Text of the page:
While both the traditional “Fourier plane” geometry and the alternative “field plane” configuration exploited here lead to far-field images with comparable spatial resolution, the latter is shown to yield images with far improved signal-to-noise ratio owing to the increased degree of control over the output light fields forming diffraction-limited foci in the distal far field.

## V. DISCUSSION

To the best of our knowledge, in this work, we show the first far-field endoscope based on multimode fiber. Due to its extended depth of field, the holographic endoscope is capable of imaging macroscopic objects in a wide range of distances. Here, we reach the current technological limits, employing the fastest available spatial light modulator and having an unprecedented control over 17 000 fiber modes. This allowed transmitting 0.1 megapixel images, thus reaching the standard definition of modern video endoscopes.^{25} The versatility of the instrument was demonstrated by imaging complex three-dimensional scenes, particularly the interior of a sweet pepper serving as a phantom for biomedically relevant environments, as well as a functioning clockwork mechanism as an example of an object with dynamic complexity. Because of radial *k*-space conservation of propagating fields in step-index fibers, a larger fraction of the optical power can be directed toward a far-field focus when phase-only modulation is performed in the field plane of the input fiber facet, rather than in its Fourier plane. This allows efficiently manipulating the spatial frequency spectra of the coupled fields and results in far-field imaging with a greatly improved signal-to-noise ratio.

The field of view, resolution, and minimum imaging distance of the endoscope depend solely on intrinsic parameters of the illumination fiber, namely, its numerical aperture and core size, whereas the number of resolvable image features (which affect the definition of the resulting imagery) depends on the number of guided modes it supports. As such, the imaging properties of the system can be tailored to the particular needs of the envisioned application by selecting the suitable fiber, as discussed to a greater extent in Sec. 2-B of the supplementary material. With the numerical aperture of currently available fibers now reaching up to 0.9 (Ref. 27), identical 0.1 megapixel images could be obtained using a 50 *μ*m-diameter core illumination fiber, with the instrument footprint decreased by 16 fold. Naturally, the probe size could be further halved by adopting a single fiber design. A single core fiber can serve the dual purpose of illuminating the sample and collecting back-scattered photons, provided that the reflections at the fiber end faces are eliminated—using anti-reflective coatings or angled terminations or by exploiting alternative strategies for discriminating between the light signals, such as separating them in the time domain. The endoscope can also be extended to color imaging by calibrating the illumination fiber at multiple wavelengths. The different illumination colors can be either scanned sequentially or even simultaneously by combining them into optimized holograms, with the back-scattered signals being separated spectrally on the proximal side. Finally, the speckled nature of the reconstructed images can, in principle, be suppressed computationally using a multitude of available strategies.^{35}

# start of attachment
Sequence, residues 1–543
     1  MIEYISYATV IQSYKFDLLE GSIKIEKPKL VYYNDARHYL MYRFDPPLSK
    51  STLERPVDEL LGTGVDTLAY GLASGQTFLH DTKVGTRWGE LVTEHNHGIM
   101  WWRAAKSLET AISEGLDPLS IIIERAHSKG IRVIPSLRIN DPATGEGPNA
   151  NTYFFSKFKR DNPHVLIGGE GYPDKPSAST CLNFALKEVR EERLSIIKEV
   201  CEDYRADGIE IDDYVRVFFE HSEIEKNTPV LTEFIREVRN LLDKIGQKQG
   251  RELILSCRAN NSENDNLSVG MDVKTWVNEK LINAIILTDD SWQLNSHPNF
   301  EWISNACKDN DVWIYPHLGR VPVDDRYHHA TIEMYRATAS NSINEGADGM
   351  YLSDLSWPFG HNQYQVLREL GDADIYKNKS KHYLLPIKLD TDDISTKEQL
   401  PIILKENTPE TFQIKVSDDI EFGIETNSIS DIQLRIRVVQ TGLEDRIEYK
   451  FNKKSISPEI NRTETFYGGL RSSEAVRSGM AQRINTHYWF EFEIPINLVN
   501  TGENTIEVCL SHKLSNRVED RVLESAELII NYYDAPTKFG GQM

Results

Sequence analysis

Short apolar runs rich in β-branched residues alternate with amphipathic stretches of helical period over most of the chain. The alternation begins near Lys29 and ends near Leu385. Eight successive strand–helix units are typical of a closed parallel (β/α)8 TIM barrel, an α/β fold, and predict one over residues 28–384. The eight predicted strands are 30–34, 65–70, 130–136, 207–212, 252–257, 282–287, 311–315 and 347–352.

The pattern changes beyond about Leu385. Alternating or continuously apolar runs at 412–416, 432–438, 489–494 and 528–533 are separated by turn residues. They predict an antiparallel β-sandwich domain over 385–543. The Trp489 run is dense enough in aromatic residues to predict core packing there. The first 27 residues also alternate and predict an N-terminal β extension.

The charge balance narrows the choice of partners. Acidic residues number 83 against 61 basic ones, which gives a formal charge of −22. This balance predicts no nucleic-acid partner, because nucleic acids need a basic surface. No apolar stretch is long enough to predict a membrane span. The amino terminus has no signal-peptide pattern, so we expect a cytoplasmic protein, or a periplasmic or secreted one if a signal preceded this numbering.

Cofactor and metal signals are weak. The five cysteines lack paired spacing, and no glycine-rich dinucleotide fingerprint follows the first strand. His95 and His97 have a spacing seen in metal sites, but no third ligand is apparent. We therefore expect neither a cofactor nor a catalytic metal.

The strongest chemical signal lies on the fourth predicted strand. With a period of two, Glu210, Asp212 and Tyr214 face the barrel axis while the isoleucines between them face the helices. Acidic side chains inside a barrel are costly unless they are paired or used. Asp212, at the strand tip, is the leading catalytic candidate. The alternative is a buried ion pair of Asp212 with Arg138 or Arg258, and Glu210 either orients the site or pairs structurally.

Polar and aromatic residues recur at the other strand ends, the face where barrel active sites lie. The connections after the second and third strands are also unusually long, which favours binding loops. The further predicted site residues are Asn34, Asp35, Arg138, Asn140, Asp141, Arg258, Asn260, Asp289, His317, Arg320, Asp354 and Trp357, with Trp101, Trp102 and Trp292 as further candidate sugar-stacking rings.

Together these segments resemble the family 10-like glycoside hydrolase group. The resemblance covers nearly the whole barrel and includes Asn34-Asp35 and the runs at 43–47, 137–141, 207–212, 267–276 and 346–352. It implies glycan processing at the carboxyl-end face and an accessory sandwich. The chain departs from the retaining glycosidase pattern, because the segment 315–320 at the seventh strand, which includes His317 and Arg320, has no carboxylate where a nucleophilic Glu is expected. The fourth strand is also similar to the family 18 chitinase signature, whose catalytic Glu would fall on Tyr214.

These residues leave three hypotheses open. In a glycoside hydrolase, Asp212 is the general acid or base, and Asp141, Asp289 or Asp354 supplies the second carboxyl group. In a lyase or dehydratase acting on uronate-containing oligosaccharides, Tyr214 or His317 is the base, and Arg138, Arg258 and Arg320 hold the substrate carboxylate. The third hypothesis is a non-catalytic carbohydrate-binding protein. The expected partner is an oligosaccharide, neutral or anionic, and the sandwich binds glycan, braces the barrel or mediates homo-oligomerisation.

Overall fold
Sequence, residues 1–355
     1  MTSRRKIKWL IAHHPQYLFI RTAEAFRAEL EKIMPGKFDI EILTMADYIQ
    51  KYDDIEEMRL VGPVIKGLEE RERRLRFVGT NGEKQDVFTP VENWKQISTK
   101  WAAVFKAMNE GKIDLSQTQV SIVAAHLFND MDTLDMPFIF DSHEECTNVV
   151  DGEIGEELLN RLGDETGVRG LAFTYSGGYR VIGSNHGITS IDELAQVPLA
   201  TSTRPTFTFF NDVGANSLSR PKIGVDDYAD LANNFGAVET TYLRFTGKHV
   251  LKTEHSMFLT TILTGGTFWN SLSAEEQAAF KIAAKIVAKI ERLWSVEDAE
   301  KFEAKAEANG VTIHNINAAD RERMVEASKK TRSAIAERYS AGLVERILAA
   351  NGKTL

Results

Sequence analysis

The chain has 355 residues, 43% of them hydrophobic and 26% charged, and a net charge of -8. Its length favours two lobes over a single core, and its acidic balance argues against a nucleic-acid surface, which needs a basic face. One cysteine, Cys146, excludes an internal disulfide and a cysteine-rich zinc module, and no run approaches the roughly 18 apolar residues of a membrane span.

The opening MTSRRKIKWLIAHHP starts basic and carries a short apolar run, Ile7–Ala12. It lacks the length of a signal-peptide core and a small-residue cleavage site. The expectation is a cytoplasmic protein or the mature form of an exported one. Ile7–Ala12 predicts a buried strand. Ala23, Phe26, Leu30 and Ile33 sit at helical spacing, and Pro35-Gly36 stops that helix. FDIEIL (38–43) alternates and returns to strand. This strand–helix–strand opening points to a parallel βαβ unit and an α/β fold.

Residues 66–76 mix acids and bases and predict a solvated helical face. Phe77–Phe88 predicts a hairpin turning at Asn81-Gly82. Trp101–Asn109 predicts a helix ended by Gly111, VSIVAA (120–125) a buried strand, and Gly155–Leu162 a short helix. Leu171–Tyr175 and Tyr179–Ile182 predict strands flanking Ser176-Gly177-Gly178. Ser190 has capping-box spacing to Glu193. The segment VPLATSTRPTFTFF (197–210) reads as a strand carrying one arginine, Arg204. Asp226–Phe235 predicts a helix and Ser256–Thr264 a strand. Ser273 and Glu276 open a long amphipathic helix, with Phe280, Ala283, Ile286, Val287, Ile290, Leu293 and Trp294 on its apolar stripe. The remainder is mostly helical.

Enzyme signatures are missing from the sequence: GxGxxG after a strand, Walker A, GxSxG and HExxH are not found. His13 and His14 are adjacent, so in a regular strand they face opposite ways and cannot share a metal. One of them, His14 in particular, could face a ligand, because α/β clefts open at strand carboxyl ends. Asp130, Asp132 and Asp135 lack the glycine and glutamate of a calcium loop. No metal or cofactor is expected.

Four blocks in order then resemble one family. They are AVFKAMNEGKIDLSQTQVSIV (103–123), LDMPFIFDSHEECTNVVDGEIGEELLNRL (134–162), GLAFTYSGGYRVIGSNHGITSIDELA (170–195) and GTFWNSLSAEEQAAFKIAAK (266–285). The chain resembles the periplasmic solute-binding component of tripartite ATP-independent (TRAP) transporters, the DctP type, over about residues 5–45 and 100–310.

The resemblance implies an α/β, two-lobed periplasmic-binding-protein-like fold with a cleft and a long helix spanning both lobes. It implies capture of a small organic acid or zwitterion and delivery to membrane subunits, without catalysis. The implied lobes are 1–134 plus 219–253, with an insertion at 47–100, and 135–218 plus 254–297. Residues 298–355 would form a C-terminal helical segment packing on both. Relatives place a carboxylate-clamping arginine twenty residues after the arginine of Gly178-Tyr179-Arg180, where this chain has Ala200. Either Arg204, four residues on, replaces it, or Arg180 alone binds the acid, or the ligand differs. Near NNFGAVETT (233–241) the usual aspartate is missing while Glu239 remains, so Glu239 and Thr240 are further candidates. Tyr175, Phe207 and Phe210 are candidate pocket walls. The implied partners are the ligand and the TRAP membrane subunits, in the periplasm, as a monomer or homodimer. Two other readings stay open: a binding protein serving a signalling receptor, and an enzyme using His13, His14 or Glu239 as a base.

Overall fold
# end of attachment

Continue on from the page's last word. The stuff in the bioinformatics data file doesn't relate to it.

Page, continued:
This work sets the scene for the introduction of semi-rigid minimally invasive multimode fiber probes as a perspective alternative to the rigid endoscopes routinely used in clinical diagnostics and key-hole surgery. Relying in its heart on a reconfigurable device, this endoscope is compatible with a multi-modal operation, whereby dynamically switching from far-field imaging to detailed microscopic observations near the fiber is possible simply by updating the holograms displayed by the spatial light modulator. Both hologram sequences can be obtained from two transmission matrices acquired simultaneously or numerically by multiplying either one with a free-space propagation operator.^{17} The far-field modality can thus be used to guide the insertion of the probe while providing organ- or tissue-scale imagery, which can then be promptly converted into an instrument imaging at the subcellular scale. Combined with spectroscopic imaging methods,^{36–38} the technology has potential for *in situ* diagnostics at the cellular level.

## SUPPLEMENTARY MATERIAL

See the supplementary material for further details, including the detailed description of the system and holographic methods as well as additional results.

## ACKNOWLEDGMENTS

The authors acknowledge the financial support from the European Research Council (724530), the European Regional Development Fund (CZ.02.1.01/0.0/15_003/0000476), the Thüringer Ministerium für Wirtschaft, Wissenschaft und Digitale Gesellschaft, the Thüringer Aufbaubank, and the Federal Ministry of Education and Research, Germany (BMBF). The project on which these results are based was funded by the Free State of Thuringia under the number 2018 FGI 0022 and cofinanced by the European Union in the framework of the European Regional Development Fund (ERDF).

Martin Šiler is also gratefully acknowledged for a C library allowing efficient parallel computation of the DMD patterns.